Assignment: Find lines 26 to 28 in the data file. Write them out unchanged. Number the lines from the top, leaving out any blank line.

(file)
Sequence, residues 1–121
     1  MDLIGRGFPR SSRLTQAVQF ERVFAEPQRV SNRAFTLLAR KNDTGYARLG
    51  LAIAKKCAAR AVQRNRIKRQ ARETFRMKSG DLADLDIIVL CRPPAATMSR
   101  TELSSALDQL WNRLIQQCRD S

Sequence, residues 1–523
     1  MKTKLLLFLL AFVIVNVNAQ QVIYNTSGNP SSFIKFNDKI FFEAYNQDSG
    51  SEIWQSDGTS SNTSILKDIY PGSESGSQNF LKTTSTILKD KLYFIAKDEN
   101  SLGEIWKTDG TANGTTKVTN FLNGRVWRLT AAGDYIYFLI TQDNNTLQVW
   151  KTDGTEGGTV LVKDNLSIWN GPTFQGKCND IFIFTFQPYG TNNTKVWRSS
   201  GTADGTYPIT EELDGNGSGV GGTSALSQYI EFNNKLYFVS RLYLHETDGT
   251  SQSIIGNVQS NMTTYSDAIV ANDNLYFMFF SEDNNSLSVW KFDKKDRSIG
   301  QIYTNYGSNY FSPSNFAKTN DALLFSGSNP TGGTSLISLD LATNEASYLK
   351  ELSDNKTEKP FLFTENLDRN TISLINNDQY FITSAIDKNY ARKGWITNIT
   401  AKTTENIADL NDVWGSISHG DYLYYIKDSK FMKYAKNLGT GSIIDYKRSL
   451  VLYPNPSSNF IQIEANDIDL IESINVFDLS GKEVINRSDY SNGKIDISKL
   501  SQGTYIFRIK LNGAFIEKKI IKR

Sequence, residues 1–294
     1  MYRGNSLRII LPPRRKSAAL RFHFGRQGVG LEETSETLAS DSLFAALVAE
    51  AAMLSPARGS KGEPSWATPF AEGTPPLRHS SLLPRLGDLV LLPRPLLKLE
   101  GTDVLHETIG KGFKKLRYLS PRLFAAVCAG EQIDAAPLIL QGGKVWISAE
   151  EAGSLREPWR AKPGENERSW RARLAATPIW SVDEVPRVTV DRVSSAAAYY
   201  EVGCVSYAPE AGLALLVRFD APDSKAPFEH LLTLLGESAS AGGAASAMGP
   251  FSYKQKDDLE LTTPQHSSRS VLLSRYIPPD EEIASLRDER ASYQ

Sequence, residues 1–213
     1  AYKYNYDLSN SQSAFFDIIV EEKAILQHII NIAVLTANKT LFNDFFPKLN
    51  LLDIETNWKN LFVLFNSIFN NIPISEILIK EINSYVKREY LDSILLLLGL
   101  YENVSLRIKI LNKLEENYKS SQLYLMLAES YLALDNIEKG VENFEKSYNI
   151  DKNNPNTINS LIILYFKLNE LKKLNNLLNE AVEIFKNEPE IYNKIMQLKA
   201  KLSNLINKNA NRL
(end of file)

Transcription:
    51  LLDIETNWKN LFVLFNSIFN NIPISEILIK EINSYVKREY LDSILLLLGL
   101  YENVSLRIKI LNKLEENYKS SQLYLMLAES YLALDNIEKG VENFEKSYNI
   151  DKNNPNTINS LIILYFKLNE LKKLNNLLNE AVEIFKNEPE IYNKIMQLKA